China Says It Has Imprisoned Ian Stones, a British Businessman, on Spy Charges

China Says It Has Imprisoned Ian Stones, a British Businessman, on Spy Charges

A British businessman who disappeared from public view in China in 2018 was sentenced to five years in prison in 2022, the Chinese Foreign Ministry said on Friday in its first public statement on the case.

Businessman Ian J. Stones had lived in China since the 1970s and worked for companies such as General Motors and Pfizer. For years after his disappearance, there was no public information about his whereabouts, although some in the business community privately discussed his secret detention.

A State Department spokesman said Mr. Stones was convicted in 2022 of “purchasing and unlawfully providing intelligence information to an organization or individual outside China.” Mr. Stones’ appeal against the verdict was rejected in September 2023, spokesman Wang Wenbin said.

Mr. Wang answered questions from reporters at a regularly scheduled news conference after The Wall Street Journal reported on Mr. Stones’ case on Thursday.

“The Chinese courts have tried the case strictly in accordance with the law,” Mr. Wang said, adding that China “protects the legal rights of Chinese and foreign parties.”

It is unclear when Mr. Stones will be released and whether he will receive credit for time served before his sentencing.

Laura Stones, Mr. Stones’ daughter, did not respond to a request for comment. However, she told the Journal that Chinese authorities did not give her or British embassy staff access to legal documents in the case or allow them to attend the hearing.

The revelation is likely to heighten concerns among foreign companies about the risks of operating in China in an increasingly insular political climate led by China’s leader Xi Jinping and the country’s powerful security agencies.

China revised its already broad counterintelligence law last year to expand the definition of espionage and has repeatedly warned in recent months about the dangers of interacting with foreigners. Officials also raided the offices of several American companies last year and arrested some Chinese employees.

Foreign governments have at times accused China of detaining foreigners as political pawns, as in the case of two Canadians who were arrested in 2018 after Canada detained a prominent Chinese technology executive. An Australian businessman and writer, Yang Hengjun, is still detained in China and an Australian journalist, Cheng Lei, was released in October. Both were accused of unrelated national security offenses and denied any wrongdoing.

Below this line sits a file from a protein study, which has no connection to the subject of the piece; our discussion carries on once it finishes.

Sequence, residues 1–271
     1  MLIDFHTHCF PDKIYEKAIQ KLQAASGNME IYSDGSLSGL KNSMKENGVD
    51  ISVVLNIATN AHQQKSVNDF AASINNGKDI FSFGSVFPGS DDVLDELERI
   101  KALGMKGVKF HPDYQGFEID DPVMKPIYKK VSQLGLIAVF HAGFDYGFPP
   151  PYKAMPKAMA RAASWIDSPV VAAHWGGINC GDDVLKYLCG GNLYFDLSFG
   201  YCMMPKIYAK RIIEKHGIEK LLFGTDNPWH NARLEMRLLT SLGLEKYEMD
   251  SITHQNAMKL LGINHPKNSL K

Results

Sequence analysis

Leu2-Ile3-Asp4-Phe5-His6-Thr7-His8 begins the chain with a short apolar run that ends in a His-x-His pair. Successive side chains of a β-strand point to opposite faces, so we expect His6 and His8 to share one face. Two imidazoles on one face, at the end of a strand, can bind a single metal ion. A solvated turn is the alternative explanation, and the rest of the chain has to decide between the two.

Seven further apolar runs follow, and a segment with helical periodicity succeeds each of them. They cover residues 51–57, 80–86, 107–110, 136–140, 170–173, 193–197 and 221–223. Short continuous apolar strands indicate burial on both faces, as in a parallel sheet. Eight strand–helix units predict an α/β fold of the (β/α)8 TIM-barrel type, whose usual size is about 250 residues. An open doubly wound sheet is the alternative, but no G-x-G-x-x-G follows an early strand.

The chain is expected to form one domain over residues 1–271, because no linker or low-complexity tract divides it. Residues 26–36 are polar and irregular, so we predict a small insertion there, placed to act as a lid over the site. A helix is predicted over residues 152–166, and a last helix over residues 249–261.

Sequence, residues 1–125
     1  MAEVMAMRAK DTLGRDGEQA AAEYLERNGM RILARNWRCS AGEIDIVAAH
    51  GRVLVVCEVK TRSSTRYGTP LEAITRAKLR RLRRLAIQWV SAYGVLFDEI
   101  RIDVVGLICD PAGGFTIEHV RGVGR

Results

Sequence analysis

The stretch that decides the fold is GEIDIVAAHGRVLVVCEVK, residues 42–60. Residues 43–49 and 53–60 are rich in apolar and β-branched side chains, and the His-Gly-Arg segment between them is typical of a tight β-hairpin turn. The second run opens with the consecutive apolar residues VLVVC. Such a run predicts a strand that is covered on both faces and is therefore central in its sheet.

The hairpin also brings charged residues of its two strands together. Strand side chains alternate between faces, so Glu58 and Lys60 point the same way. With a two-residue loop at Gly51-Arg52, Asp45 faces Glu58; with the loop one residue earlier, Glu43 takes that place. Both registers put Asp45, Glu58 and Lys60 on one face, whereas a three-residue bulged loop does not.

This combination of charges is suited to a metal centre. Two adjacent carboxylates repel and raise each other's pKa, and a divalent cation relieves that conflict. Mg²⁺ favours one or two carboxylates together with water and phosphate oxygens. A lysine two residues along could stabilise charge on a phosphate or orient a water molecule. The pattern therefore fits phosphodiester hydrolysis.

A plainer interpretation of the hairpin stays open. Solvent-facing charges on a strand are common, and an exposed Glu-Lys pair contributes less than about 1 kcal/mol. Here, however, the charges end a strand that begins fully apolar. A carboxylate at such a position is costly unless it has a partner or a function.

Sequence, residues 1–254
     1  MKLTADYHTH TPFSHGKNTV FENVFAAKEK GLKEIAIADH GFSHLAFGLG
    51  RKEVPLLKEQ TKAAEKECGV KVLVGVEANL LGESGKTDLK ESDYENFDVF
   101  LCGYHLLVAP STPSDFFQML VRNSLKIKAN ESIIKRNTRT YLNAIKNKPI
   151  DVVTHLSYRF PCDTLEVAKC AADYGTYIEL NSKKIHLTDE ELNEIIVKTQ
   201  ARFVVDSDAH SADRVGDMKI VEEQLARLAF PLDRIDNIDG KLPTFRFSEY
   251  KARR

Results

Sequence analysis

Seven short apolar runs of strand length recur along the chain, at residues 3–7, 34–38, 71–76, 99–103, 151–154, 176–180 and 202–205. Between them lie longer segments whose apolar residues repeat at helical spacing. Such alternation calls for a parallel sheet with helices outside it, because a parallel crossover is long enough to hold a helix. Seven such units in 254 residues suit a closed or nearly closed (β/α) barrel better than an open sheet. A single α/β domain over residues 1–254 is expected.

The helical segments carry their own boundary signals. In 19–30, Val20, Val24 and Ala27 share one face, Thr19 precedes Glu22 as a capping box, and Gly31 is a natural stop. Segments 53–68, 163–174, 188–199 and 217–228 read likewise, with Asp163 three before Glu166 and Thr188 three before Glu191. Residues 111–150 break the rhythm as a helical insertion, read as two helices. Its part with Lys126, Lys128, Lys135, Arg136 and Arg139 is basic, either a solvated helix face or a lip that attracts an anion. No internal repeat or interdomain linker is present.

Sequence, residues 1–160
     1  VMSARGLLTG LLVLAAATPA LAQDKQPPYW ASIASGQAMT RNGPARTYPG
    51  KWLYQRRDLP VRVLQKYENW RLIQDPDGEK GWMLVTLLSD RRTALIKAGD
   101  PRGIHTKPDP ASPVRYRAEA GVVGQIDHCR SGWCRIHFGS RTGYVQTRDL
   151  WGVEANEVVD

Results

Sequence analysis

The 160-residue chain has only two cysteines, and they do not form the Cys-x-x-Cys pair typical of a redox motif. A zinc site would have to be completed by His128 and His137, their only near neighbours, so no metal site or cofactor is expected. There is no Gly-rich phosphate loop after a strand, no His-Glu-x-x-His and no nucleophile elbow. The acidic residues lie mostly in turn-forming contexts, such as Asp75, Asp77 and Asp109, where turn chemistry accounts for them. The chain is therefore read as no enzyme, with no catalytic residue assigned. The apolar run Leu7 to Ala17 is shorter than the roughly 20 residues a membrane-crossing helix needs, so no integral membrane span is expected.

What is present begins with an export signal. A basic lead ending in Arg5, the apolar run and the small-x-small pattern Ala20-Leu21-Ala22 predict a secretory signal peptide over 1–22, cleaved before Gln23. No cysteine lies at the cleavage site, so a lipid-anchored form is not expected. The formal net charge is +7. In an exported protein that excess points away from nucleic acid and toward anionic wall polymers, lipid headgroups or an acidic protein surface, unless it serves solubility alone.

There is no official number of foreigners detained in China. Information about the allegations against them is usually very limited. While governments or relatives of detained foreigners sometimes speak out on their cases, others remain silent, perhaps hoping to negotiate with Beijing behind the scenes.

Mr. Stones, who is about 70, worked as a senior manager for General Motors Asia, helping the company expand in China in the 1990s, and as a manager for Pfizer Pharmaceuticals in China. According to his LinkedIn page, which is no longer available online, at the time of his detention he had been working as a consultant for over a decade, advising investors on business, regulations and disputes in China.

Because of his decades of experience in the country and his fluency in Chinese, he was well-known among Western investors and executives in Beijing. On LinkedIn, Mr. Stones said that Navisino Partners, a consulting firm where he was a partner, specialized in “finding solutions to difficult challenges, structuring deals, executing work-outs and executing turnarounds.”

He also had relationships with Chinese government authorities; That’s according to a 2007 annual report from The Conference Board, a New York-based economic research group where he served as a senior adviser.

Mr. Stones’ long tenure in China made him one of the best-connected foreigners in Beijing, said Peter Humphrey, a British private investigator who met Mr. Stones in China in the late 1970s. Mr. Humphrey was imprisoned in China for two years for illegal information gathering and deported after his release in 2015; He said he believed his work in China was legal.

Some of the people Mr. Stones met in his early days in China went on to become high-ranking officials, Mr. Humphrey said, making him a particularly sought-after business figure.

But in 2015, Mr. Stones knew he was potentially at risk, Mr. Humphrey said. The two men then met in Britain, not long after Mr. Humphrey’s release, and Mr. Stones told him that he had been asked to speak to state security officials and that he was being monitored.

“He seemed to think he could handle it,” Mr. Humphrey said. “Obviously he was wrong.”

Mr Humphrey’s account could not be independently verified.

The circumstances of Mr Stones’ arrest remain unclear and it is not known what communication took place between the British and Chinese governments. The British Foreign Office declined to comment.

Mr. Stones’ detention coincides with a period when the British government is taking a tougher stance toward China, often siding with critical positions taken by the United States. In 2020, it banned Chinese telecoms equipment maker Huawei from participating in Britain’s new high-speed mobile network, a decision Beijing condemned.

London’s relations with Beijing have also deteriorated due to China’s ongoing repression of civil rights in Hong Kong, a former British colony. Britain has also criticized China over its repression of Muslims in the Xinjiang region, its military pressure on Taiwan and its continued partnership with Russia despite the war in Ukraine.

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2024-01-27 10:34:15